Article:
Rowman & Littlefield International has just published the paperback edition of The Spell of Responsibility: Labour, Criminality, Philosophy. Also, you can save 30% using the code from the flyer.
The book starts from the astonishing fact that only 200 years ago, ‘responsibility’ was only of marginal importance in discussions of law and legal practice, and it had little ethical significance. Obviously, this has changed, as responsibility has become an almost unquestioned (and unquestionable) norm. Yet what is the significance of the fact that ‘responsibility’ now plays such a central role in, for example, work, the welfare state, or the criminal justice system? What happens when individuals are generally expected to think of themselves as ‘responsible’ agents? And what are the consequences of the fact that the philosophical analysis of ‘responsibility’ focuses almost exclusively on conditions of agency that are mostly absent from real life?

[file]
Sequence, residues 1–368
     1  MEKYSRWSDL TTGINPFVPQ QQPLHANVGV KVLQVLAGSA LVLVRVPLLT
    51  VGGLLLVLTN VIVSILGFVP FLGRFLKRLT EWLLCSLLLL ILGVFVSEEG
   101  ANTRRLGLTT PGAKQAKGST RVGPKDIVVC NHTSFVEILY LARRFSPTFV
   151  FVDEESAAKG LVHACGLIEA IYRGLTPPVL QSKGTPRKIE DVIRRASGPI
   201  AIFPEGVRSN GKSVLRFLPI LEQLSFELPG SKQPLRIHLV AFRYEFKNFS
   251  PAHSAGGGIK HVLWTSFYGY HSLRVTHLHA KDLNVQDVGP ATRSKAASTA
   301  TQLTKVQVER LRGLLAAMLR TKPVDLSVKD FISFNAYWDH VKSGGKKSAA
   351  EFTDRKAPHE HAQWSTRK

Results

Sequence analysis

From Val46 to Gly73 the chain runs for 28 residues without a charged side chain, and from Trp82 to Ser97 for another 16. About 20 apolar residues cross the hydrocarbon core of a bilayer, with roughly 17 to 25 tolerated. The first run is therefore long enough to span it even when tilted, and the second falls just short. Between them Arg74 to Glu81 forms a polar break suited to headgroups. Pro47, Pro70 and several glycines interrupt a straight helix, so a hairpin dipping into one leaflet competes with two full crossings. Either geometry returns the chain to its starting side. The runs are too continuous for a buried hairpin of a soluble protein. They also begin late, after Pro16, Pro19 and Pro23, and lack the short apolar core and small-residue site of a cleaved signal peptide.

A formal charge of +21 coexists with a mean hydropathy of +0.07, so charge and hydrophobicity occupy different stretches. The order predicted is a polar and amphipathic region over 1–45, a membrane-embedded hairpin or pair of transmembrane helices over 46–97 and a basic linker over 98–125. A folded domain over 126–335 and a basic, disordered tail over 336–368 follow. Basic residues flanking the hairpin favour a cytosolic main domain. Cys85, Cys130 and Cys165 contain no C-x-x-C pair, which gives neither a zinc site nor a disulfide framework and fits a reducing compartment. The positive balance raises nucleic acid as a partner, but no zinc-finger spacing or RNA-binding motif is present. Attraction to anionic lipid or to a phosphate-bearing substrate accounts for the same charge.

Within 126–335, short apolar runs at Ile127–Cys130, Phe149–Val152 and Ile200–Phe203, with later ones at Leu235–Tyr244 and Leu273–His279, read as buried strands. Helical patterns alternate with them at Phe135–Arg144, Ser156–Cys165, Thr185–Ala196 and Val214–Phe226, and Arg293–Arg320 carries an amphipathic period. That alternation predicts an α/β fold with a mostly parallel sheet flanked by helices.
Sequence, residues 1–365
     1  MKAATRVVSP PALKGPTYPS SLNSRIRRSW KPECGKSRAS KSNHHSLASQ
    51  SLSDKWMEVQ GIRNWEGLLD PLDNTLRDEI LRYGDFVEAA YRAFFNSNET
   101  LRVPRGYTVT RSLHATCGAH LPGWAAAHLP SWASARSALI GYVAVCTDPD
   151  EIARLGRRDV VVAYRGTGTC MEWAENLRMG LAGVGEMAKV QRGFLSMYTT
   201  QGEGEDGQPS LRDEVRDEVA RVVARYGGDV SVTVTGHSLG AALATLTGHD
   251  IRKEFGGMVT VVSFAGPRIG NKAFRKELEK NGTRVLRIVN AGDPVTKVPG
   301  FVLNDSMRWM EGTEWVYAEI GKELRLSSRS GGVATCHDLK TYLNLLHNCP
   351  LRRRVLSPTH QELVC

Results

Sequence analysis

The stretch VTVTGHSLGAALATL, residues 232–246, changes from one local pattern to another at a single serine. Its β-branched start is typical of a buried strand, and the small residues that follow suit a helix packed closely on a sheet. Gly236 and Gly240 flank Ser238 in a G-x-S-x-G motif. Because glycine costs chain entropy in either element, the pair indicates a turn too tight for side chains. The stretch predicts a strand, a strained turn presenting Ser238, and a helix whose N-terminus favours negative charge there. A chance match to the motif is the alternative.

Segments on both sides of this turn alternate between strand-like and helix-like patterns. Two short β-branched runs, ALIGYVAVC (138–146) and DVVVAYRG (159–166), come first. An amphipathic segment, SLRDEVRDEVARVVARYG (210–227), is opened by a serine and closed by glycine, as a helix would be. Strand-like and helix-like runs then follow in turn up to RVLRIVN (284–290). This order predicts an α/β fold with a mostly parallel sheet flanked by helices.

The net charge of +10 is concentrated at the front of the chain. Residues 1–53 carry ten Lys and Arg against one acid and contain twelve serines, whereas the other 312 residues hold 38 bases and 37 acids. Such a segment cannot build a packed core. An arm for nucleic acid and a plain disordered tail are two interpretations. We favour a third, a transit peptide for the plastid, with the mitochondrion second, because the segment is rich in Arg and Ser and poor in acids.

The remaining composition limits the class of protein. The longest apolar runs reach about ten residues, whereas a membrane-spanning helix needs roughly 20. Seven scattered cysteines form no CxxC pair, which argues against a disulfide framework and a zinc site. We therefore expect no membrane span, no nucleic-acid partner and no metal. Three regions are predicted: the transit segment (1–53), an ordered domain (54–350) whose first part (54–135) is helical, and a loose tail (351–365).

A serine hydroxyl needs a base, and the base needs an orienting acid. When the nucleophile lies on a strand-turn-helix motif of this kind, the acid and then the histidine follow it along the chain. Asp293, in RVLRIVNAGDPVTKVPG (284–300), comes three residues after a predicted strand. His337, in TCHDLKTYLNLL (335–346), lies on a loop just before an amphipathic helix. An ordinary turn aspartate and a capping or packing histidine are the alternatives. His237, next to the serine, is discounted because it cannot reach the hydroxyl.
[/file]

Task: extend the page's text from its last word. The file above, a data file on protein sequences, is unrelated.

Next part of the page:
The German book Im Bann der Verantwortung was published at Campus Verlag in the series Frankfurter Beiträge zur Soziologie und Sozialphilosophie of the Institute for Social Research erschienen.